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Ideas. Insights. Inspiration.

Game Time

I've never been a big sports fan, but as a marketer, Super Bowl weekend -- where companies will spend millions of dollars to produce and air spectacular advertisements in the hopes of winning our hearts, minds, and wallets -- is one of my favourite weekends of the year.

I usually prefer to watch the Super Bowl ads for the first time during the Big Game itself -- it's the only part of the game I truly care about, actually -- but so that I had something to write about this week, I watched all the 2020 ads that have already been released online.

Here's a little of what you can expect on Sunday:

The Funnies

Lots (and lots) of companies use humour in their Super Bowl ads in an attempt to breakthrough... some more successfully than others. I laughed-out-loud at the Amazon, Hyundai, Little Caesar's, Reese Take 5, and Snickers commercials, but some other brands tried too hard. (I'm looking at you guys, TurboTax and Pop-Tarts.) Every Super Bowl in recent history has featured several "funnies", and this one will be no exception.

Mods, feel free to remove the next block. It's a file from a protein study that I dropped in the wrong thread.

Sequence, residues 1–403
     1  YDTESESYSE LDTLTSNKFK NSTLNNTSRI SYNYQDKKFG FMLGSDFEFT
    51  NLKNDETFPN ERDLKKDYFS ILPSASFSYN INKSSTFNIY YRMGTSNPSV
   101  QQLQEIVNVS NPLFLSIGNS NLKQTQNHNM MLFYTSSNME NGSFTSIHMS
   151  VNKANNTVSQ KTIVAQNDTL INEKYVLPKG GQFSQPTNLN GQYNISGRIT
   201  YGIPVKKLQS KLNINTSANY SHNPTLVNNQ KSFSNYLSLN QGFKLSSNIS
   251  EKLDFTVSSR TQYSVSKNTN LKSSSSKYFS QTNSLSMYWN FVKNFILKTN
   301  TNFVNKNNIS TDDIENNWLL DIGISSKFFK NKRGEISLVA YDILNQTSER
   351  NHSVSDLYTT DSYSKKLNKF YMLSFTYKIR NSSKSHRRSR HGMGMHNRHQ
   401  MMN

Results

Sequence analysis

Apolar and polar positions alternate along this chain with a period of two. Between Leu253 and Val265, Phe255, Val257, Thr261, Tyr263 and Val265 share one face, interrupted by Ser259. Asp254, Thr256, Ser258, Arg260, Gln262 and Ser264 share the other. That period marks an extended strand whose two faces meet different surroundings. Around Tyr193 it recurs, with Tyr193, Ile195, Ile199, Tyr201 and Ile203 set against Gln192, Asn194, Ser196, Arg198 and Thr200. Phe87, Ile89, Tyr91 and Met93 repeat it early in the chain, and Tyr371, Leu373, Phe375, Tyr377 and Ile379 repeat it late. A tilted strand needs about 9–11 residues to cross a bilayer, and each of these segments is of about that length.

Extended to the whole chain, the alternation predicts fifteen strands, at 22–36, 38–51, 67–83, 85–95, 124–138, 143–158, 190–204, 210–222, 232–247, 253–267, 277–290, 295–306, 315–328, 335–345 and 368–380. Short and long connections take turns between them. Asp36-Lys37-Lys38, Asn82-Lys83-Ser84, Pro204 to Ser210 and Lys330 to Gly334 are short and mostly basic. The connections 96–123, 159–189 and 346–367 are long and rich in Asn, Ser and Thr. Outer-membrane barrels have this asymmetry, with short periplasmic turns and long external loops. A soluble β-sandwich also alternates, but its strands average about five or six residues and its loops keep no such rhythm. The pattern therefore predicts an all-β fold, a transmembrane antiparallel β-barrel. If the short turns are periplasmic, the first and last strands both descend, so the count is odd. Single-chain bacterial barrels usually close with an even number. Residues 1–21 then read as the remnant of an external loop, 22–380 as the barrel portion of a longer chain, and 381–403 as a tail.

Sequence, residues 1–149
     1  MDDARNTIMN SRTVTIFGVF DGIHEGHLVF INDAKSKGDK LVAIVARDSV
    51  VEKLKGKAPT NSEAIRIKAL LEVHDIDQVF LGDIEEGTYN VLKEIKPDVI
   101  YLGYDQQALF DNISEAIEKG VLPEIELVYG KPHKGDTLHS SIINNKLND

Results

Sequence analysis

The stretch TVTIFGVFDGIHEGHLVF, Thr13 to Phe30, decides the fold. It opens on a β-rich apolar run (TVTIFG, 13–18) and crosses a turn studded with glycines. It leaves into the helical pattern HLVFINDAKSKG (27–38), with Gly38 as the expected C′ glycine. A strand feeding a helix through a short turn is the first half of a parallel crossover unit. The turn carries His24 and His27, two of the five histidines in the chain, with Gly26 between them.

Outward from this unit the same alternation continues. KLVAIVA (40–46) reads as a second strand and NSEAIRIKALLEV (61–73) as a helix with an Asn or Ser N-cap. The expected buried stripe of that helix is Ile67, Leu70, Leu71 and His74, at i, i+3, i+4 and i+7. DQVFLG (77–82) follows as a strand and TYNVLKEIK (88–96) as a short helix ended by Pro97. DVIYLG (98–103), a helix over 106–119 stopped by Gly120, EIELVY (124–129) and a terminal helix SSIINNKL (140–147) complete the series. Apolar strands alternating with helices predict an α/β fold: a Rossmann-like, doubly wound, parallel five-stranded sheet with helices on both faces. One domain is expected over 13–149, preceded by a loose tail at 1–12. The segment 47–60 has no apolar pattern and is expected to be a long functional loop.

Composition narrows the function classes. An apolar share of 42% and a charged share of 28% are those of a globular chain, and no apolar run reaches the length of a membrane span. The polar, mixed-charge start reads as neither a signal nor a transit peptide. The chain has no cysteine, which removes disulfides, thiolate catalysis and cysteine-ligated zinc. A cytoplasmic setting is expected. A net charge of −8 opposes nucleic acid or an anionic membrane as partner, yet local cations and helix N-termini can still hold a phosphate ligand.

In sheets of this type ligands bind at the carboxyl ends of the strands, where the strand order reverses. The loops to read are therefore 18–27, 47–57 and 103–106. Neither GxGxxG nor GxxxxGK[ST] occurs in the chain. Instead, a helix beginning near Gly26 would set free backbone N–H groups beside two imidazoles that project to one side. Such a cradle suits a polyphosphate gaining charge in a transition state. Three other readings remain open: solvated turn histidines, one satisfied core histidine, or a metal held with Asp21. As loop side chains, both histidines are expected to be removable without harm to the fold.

The Celebrity Sightings

Ellen Degeneres for Amazon. Chris Evans, John Krasinski, and Rachel Dratch for Hyundai. John Legend and Chrissy Teigan for Genesis. Lil Nas X for Doritos. Bryan Cranston for Mountain Dew, doing his best Jack Nicholson impersonation. These are just a few of the many celebrities starring in various Super Bowl spots this year. Some definitely worked better than others. (I've been thinking about it for hours, and I still don't understand the Audi spot featuring Maisie Williams singing a song from Disney's Frozen...)

The Tear-Jerkers / Emotional Ads

Some of the best emotional ads I've ever seen were introduced to the world as Super Bowl ads. This year, the Google ad and the New York Life ad are the ones you have to see. Americans will also likely applaud Budweiser's "Typical American" spot for the sense of national pride it tries to instill, but I couldn't relate. (And that's okay, because I'm clearly not the target audience here.)

The Woke Spots

Some companies choose to produce advertisements that encourage us to make the world a better place. These can range from the inspirational to the flat-out hypocritical. An example of the latter: Audi's 2017 Super Bowl spot, which tried to tell viewers that the German automaker was committed to gender equality in the workplace...